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Building strategy while designing

by
Jerry Cao
Jerry Cao

IDEO is one of the largest and most important American design and consulting companies. Starting from the industrial design and interaction design (one of the founders was Bill Modgidge) IDEO has extended its consulting services and fell under strategic competence of consulting companies like McKinsey.

What differs IDEO from the others is approach based on using the same tools while designing products, such as user’s observation,analysis of use context, prototyping and iterative process for developing business strategy and marketing.
How design thinking can help building strategy?

Typical tools for strategists such as Excel spreadsheets and PowerPoint slides don’t favor creativity and good communication (as we know, PowerPoint is an evil ;) – seriously, it was responsible for the disaster of the space shuttle Columbia and its use has been banned by NASA.) You can’t properly rethink the whole project if it’s vision is contained in short passwords. PowerPoint slides are boring, and words can be understood differently. Strategy formulated and presented in this way, is trapped in ambiguous abstractions, difficult to clarify and evaluate.

According to IDEO, preparing strategic prototypes is much better solution. Prototype is not the right project, but it is only the presentation of vision engaging emotions and imagination (built to think). The human mind needs to confront some real object or a story to develop an idea and assess its strengths and weaknesses. Prototype can be a mockup of the product, it also can be a comic strip or film, which shows the use of the service in narrative form. An example of such prototype is concept presentation of future web browser Aurora, prepared by Adaptive Path, another company which integrates designing with strategic consulting.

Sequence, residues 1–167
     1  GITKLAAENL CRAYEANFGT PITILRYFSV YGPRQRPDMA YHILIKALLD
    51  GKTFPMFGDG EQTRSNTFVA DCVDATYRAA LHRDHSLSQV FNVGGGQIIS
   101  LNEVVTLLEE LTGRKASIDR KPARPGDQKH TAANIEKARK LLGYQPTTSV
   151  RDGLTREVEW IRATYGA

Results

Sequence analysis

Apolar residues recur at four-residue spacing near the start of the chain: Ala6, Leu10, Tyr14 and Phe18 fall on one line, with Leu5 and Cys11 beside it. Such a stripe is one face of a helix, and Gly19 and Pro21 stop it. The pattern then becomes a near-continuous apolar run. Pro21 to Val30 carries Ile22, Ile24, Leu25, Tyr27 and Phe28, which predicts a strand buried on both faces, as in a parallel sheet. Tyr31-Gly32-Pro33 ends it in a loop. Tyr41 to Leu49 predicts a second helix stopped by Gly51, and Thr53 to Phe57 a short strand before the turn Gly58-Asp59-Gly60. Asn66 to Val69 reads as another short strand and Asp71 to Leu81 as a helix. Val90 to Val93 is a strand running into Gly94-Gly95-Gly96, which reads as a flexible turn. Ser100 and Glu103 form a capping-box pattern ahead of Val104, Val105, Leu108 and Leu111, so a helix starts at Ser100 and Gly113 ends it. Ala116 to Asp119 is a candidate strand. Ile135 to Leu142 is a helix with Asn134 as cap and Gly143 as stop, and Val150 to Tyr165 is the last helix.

In his article “Strategy by Design” the head of IDEO, Tim Brow, outlines the elements of creating a strategy. At the beginning: hit the Streets. This process of creating a strategy needs to be “human-centered”. To gather interesting insights it’s important to spend some time with consumers, watching their behaviors, personally test the products and services, get know the „user-experience” on which we can often build the whole strategy.

The next step is prototyping:

Design thinking is by nature a process of prototyping. When you are on a promising idea, build it. The prototype is usually a drawing, model, or a video describing the product, system or service. We build these models very fast, they are strict and not very elegant, but they work. The aim is not to create approximations of the finished product, or process, the aim is to gather feedback that will help us resolve the problem. In a sense, we build to think.

When you start rapidly prototype, you begin to build a strategy. Doing this at very beginning of the cycle of innovation, allows you to release the most precious things in your organization: human intuition. When you sit down with team of experienced employees and show them prototypes of products and services that you want to implement within two years, you will learn whether they have an intuitive feeling that you are going in the right direction. It is enlightening trial-and-error method: Observe the world, pattern recognition and behavior, generate ideas, collect feedback, repeat the process and improve project until you are going to be ready to put product on the market.

Prototype tells the story. Prototyping is simultaneously an evaluation process – it generates feedback, which allows you to put the amendments on the fly – and is the process of telling stories. This is the way of visual presentation and experiencing every strategy. – Tim Brown, CEO of IDEO

Under Brown’s article in form of a dull ;) PowerPoint:

Lecture about design thinking:

JustProto would like to send special thanks to Maciej Lipiec, who gave authorization for publishing this article. You can find original version of this post written by Maciej on his User Experience Blog – http://uxdesign.pl/

Jerry Cao

by Jerry Cao

Jerry Cao is a content strategist at UXPin where he gets to put his overly active imagination to paper every day. In a past life, he developed content strategies for clients at Brafton and worked in traditional advertising at DDB San Francisco. In his spare time he enjoys playing electric guitar, watching foreign horror films, and expanding his knowledge of random facts. Follow him on Twitter.

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